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Types of Silk Fabric

The finest silk fibers, and most of what we use today are produced by "cultivated" silkworms grown in a controlled environment. The worms are fed a diet of mulberry leaves and increase their body size 10,000 times in their short life span. Once the cocoon is spun and before the worm hatches through the silk into a moth, the cocoon is soaked in hot water then unraveled, producing filaments that can be up to a mile long in size.

The raw silk is then processed to remove the sericin - the natural "gum" that protects the fibers and causes them to stick to each other as the cocoon was spun.

Silk is a protein fiber, similar to wool or to human hair. It is only natural for silks to have some irregularities -- sometimes called "slubs". This is the nature of the 100% silk fabric.

Silk that has been processed can be woven or knit into a variety of fabrics. Silk will shrink, so if you are using it to construct clothing, be sure to preshrink it. Silk often has a wonderful feel and an almost iridescent sheen that makes us think of luxury.

The weight of silk is shown as "mm" (pronounced "mommy") and varies within the different types of silk. The following list of various types of silk may help you understand some of the qualities of each.

Chiffon
Often the lightest weight and most diaphanous of the silks, Chiffon is also the most see-through. It creates the "billows" of fabric that add dimension to garments, but generally requires some kind of lining or backing unless it's used for scarves.

China Silk
China silk is a lightweight, sheer, plain-weave fabric. It's sometimes referred to as habutai, or habotai, or pongee. It is one of the less expensive and more commonly available silk fabrics.

Habotai can often be found as light as 5 mm and as heavy as 12 mm. Most of our scarves are made of 8 mm Habotai. When purchasing for clothing construction, or purchasing ready-made clothing, this fabric is not recommended for fitted garment styles because the seams will tear from the stress.

Crepe de Chine
Crepe de chine is a lightweight fabric made by twisting some fibers clockwise and others counterclockwise. The twisted fibers are then woven in a plain-weave fabric, but it's the twisted fibers, not the weave, that gives crepe its distinctive "pebbly" look and feel rather than a shiny luster. Both sides of the fabric look and feel the same.

When purchasing ready-made clothing or considering this fabric for sewing, avoid using it in tailored styles because the fabric is too soft to hold a structured shape. Crepe de chine doesn't ravel as easily as other silk fabrics, but it will tear if not handled gently.

Charmeuse
Generally, when we think of traditional silk, this is the fabric we have in mind. The back of the fabric is a flattened crepe while the front is a shimmery satin weave.

Charmeuse has even more drape than crepe de chine and works well for scarves, blouses and lingerie. Occasionally we will offer scarves in Charmeuse.

Jacquard
Jacquard silks offer various woven patterns, using matte and reflective threads to create a light and dark effect in the fabric. This effect is similar to brocade, although the Jacquard is originally created in one color. These are generally heavier weight and more densely woven. Patterns are often florals and paisleys. This added dimension (pattern) makes this fabric perfect for abstract for free-form dyeing.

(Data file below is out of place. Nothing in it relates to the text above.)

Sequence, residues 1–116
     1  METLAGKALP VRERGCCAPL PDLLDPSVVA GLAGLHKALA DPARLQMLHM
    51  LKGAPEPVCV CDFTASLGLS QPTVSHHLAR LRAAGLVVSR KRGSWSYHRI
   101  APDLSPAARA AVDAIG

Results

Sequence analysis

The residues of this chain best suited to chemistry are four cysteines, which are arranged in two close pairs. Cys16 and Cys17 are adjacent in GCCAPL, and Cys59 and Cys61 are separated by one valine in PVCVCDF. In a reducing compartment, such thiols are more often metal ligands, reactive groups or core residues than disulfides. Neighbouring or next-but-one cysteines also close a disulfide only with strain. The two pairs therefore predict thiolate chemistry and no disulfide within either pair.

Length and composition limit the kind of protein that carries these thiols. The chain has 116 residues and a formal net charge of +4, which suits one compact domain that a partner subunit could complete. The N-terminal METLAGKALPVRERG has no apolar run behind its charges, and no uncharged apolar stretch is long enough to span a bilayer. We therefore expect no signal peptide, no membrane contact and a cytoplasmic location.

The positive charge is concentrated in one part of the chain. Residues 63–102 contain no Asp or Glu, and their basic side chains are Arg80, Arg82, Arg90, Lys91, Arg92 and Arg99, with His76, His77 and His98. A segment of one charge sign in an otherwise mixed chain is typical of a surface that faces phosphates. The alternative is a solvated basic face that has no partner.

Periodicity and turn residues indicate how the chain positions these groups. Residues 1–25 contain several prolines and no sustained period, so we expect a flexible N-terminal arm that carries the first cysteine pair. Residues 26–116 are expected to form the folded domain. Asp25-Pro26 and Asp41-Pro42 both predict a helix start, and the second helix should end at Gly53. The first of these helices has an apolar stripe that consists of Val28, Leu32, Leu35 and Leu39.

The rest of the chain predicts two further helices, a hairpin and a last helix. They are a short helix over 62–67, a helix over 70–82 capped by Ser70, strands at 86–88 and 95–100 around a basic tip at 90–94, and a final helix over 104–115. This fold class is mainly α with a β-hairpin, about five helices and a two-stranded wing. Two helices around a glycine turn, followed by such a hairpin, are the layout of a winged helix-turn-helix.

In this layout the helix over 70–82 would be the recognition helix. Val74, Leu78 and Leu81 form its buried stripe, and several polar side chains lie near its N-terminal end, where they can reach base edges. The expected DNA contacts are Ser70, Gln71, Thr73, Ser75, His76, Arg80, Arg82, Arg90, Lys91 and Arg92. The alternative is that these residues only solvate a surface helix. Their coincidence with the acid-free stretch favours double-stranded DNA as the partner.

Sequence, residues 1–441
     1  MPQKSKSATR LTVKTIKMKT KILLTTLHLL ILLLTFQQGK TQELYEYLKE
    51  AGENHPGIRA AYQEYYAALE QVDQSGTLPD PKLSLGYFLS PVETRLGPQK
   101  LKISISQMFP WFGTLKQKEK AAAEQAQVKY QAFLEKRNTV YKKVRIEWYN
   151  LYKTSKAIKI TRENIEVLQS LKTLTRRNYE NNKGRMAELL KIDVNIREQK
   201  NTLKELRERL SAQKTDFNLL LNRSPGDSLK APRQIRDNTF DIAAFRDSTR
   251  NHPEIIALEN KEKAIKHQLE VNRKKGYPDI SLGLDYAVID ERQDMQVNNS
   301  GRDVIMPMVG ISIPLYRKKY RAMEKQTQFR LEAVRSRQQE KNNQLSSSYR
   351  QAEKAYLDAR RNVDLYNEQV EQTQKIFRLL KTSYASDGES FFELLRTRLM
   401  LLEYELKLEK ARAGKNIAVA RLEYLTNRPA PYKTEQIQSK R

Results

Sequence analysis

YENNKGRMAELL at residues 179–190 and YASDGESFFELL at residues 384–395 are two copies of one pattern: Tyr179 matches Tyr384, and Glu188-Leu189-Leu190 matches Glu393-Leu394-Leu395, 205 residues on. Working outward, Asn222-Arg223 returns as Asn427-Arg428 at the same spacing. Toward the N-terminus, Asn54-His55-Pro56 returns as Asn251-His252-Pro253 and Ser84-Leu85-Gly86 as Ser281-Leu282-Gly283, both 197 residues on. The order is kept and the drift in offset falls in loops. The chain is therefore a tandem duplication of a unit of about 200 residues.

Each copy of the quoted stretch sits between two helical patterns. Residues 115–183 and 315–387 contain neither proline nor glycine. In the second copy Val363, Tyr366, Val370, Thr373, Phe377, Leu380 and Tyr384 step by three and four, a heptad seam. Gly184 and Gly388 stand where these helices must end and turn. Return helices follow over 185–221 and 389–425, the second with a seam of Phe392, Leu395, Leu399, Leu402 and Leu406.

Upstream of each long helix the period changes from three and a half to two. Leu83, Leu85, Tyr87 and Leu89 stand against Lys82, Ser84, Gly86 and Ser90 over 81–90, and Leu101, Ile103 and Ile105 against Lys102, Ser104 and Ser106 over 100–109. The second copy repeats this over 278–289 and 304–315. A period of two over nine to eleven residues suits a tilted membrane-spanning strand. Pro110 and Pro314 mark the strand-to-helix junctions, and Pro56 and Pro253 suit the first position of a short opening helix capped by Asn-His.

Douppioni
Douppioni is a plain-weave fabric with slubbed ribs. It has a stiff, taffeta-like hand and is usually dyed in bright colors. Douppioni is often made into elegant evening gowns or semi-fitted vests and garments. But the style shouldnŐt be too fitted, because the fabric doesn't stand up well to stress and ravels easily.

It's often recommended that douppioni be dry cleaned to resist abrasions. However, as with most silk, you can generally wash douppioni with positive results. Just be sure to serge the raw edges first to prevent raveling. Washing will make the fabric lose some of its stiffness, which may be your preference, and the color will soften as the excess dye is washed away.

Noil
Silk noil is made from the short fibers left after combing and carding so it doesn't shine like many other silk fabrics. Noil looks similar to cotton, but has the soft feel of silk against the skin. It also drapes better than cotton and resists wrinkling, so it's the perfect choice when traveling.

It can be machine washed on gentle and dried on low, but this will cause a faded, "weathered" look. If you prefer bright colors, dry-clean or hand wash.

Raw Silk
Raw silk is any silk yarn or fabric that hasn't had the sericin -- the natural "gum" that protects the fiber -- removed. The fabric is stiff and dull and the sericin tends to attract dirt and odors.

Shantung
Once made from hand-reeled tussah silk (see below), today's shantung is usually made with cultivated silk warp yarns and heavier douppioni filling yarns. Depending on the filling yarn, shantung may be lustrous or dull. It has a firm, semi-crisp hand and tends to ravel, so avoid close-fitting styles.

Tussah
Tussah silk, often called shantung, is made from the cocoons of wild tussah silk worms that eat oak and juniper leaves -- their "natural" food. Because the worm isn't grown in a controlled environment, the moth hatches from the cocoon thus interrupting the filament length and making the fibers short and coarse instead of long and lustrous.

Tussah silk is difficult to dye and most often available in its natural color, a creamy tan. Because of its irregular slubs and the fact that it ravels easily, tussah should be dry-cleaned. It is a good choice for traveling as it doesn't wrinkle easily.

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Last updated: Thursday, October 23, 2014